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Feds threaten to sue Washington to block Hanford worker comp

November 28, 2018

FILE--In this May 9, 2017, file photo, an entry point to the Hanford Nuclear Reservation is shown near Richland, Wash. The federal government is threatening to sue Washington state to block recent legislation that helps workers at the former nuclear weapons production site win compensation claims for illnesses. (AP Photo/Manuel Valdes, file)

RICHLAND, Wash. (AP) — The federal government is threatening to sue Washington state to block recent legislation that helps workers at a former nuclear weapons production site win compensation claims for illnesses.

The U.S. Department of Justice recently informed Gov. Jay Inslee that the law violates the Supremacy Clause of the U.S. Constitution because it “purports to directly regulate” the federal government and discriminates against it and its contractors.

The Seattle Times reports the letter to Inslee warned of legal action if a settlement cannot be reached by Friday.

The letter represents the Trump administration’s displeasure with a state law passed last spring to help Hanford workers who fell sick, the newspaper reported.

Hanford for decades made plutonium for nuclear weapons and thousands of workers are now engaged in the dangerous work of cleaning up the resulting radioactive waste. The site is located near Richland, Washington.

The Department of Energy, which operates Hanford, is a self-insured employer and pays out claims. The state Department of Labor & Industries makes the final determination on any cases that are appealed by Hanford workers.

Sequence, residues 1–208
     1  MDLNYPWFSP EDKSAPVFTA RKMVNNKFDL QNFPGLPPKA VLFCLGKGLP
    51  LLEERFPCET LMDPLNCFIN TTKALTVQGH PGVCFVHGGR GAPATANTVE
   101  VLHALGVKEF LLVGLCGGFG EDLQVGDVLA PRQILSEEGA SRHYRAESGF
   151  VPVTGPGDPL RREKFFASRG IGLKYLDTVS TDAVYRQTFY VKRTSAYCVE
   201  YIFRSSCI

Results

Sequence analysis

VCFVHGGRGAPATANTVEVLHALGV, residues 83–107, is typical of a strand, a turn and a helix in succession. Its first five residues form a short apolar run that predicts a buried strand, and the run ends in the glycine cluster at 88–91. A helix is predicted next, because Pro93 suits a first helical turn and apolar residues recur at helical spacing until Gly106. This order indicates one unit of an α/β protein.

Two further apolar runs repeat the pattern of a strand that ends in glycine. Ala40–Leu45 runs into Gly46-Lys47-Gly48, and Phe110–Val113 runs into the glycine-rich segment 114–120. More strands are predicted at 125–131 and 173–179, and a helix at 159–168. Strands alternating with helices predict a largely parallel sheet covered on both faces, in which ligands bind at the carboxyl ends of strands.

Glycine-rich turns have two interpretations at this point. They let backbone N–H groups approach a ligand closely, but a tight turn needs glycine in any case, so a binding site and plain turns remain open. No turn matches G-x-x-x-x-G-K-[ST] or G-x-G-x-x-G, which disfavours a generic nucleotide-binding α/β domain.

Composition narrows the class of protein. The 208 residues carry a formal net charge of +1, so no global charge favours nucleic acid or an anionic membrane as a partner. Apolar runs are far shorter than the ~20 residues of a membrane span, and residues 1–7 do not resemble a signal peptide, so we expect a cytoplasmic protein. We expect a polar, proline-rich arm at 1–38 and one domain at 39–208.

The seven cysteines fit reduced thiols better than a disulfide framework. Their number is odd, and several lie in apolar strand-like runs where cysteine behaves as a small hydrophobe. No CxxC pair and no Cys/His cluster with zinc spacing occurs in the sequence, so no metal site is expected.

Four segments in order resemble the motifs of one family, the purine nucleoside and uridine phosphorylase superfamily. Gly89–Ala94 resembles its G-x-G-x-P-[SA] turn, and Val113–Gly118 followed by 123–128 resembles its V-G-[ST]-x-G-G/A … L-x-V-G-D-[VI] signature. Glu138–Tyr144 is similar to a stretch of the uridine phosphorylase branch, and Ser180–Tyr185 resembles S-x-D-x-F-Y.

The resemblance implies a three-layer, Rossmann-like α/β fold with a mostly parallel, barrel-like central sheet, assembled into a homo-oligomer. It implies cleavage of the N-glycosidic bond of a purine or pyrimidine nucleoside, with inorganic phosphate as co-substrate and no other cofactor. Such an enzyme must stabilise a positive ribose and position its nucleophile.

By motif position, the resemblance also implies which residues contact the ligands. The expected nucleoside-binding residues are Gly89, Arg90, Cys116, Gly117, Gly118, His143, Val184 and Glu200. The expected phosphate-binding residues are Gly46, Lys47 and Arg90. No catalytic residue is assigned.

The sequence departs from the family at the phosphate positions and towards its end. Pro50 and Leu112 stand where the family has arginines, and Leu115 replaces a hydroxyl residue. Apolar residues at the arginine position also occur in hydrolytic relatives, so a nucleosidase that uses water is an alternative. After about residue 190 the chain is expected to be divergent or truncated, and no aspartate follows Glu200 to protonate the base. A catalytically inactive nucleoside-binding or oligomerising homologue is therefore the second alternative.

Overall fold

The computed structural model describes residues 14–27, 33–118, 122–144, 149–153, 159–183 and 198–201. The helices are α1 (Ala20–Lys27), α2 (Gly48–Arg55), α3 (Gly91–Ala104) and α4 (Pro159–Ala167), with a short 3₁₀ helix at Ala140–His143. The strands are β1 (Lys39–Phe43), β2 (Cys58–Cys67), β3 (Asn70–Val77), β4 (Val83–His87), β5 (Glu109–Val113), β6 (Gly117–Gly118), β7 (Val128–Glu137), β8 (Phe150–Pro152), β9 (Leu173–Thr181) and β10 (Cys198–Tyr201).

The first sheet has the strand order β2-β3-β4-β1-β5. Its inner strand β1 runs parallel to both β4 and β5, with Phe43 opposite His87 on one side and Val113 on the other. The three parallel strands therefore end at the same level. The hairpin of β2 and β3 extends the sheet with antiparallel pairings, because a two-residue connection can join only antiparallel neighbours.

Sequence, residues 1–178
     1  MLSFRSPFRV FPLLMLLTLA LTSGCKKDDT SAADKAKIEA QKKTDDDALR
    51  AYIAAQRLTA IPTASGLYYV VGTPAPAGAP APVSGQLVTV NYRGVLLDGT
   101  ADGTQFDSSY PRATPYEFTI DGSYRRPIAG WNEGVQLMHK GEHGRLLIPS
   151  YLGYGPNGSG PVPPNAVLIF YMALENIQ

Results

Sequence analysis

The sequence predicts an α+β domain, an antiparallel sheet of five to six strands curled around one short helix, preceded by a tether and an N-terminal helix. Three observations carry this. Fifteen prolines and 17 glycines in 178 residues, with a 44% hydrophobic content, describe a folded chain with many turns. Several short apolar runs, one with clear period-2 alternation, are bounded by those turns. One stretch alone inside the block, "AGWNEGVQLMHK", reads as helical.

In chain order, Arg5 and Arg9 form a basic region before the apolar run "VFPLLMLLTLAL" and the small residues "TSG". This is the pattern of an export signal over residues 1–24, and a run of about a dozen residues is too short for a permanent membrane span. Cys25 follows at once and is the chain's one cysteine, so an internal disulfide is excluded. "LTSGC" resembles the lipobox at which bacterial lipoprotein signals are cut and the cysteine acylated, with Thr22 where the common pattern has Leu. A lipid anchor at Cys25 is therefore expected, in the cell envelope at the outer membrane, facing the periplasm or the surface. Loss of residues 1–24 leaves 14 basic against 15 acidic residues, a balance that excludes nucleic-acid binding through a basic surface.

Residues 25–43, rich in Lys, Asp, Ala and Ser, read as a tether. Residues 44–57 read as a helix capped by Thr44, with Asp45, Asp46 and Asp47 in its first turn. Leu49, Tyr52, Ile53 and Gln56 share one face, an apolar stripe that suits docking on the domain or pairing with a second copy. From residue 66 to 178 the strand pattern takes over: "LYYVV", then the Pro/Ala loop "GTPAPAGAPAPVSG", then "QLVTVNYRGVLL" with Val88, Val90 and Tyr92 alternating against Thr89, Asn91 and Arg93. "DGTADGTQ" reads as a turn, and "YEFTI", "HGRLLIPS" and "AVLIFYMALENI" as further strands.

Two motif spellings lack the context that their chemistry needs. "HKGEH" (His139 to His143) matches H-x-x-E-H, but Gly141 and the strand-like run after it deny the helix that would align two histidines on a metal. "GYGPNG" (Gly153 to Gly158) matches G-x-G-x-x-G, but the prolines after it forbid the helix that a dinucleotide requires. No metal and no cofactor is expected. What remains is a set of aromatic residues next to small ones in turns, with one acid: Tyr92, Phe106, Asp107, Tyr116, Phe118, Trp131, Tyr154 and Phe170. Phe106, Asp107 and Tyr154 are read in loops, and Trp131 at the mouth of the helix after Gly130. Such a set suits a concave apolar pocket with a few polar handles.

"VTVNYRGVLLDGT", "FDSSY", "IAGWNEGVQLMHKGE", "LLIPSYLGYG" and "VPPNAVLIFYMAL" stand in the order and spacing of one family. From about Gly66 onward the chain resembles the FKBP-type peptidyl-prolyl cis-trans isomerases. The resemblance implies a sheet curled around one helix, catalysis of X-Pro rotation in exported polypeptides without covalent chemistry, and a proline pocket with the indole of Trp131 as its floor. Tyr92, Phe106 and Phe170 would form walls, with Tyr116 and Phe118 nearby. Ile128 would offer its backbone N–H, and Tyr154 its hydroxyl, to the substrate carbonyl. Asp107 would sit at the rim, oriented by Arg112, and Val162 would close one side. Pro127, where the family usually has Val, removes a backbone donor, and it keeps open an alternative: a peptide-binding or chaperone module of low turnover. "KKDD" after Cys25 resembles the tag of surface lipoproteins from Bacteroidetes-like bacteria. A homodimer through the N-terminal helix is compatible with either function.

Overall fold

Under the new law passed this year, some cancers and other illnesses are assumed to be due to chemical or radiological exposures at Hanford, unless that presumption can be rebutted by clear and convincing evidence.

Representatives for Inslee and state Attorney General Bob Ferguson, both Democrats, said they were willing to discuss the new law with the federal government, but were unwilling to suspend enforcement.

Ferguson told the newspaper he would look forward to defending the law if the federal government filed a lawsuit.

“Hanford workers deserve to be compensated for the health issues caused by their dangerous work,” Ferguson said.

Hanford Challenge, a nuclear watchdog group, and the United Association of Plumbers and Steamfitters, Local Union 598, both backed passage of the law.

In a letter sent this week to Inslee, their leaders called the law “an appropriate response to address the documented history of inadequate treatment of the hazards associated with the Hanford cleanup.” The letter was signed by Tom Carpenter, Hanford Challenge’s executive director and Randall Walli, business manager of Local Union 598.

The legislation signed into law in March by Inslee was propelled through the Legislature by the concerns of sick Hanford workers frustrated by state denials of their compensation claims.

The legislation drew opposition from the Washington Self-Insurers Association and the Association of Washington Business, with critics arguing that it was “breathtaking in its scope and inclusivity” and would set a bad precedent, according to a summary of testimony included in a state House of Representatives report.

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Information from: The Seattle Times, http://www.seattletimes.com

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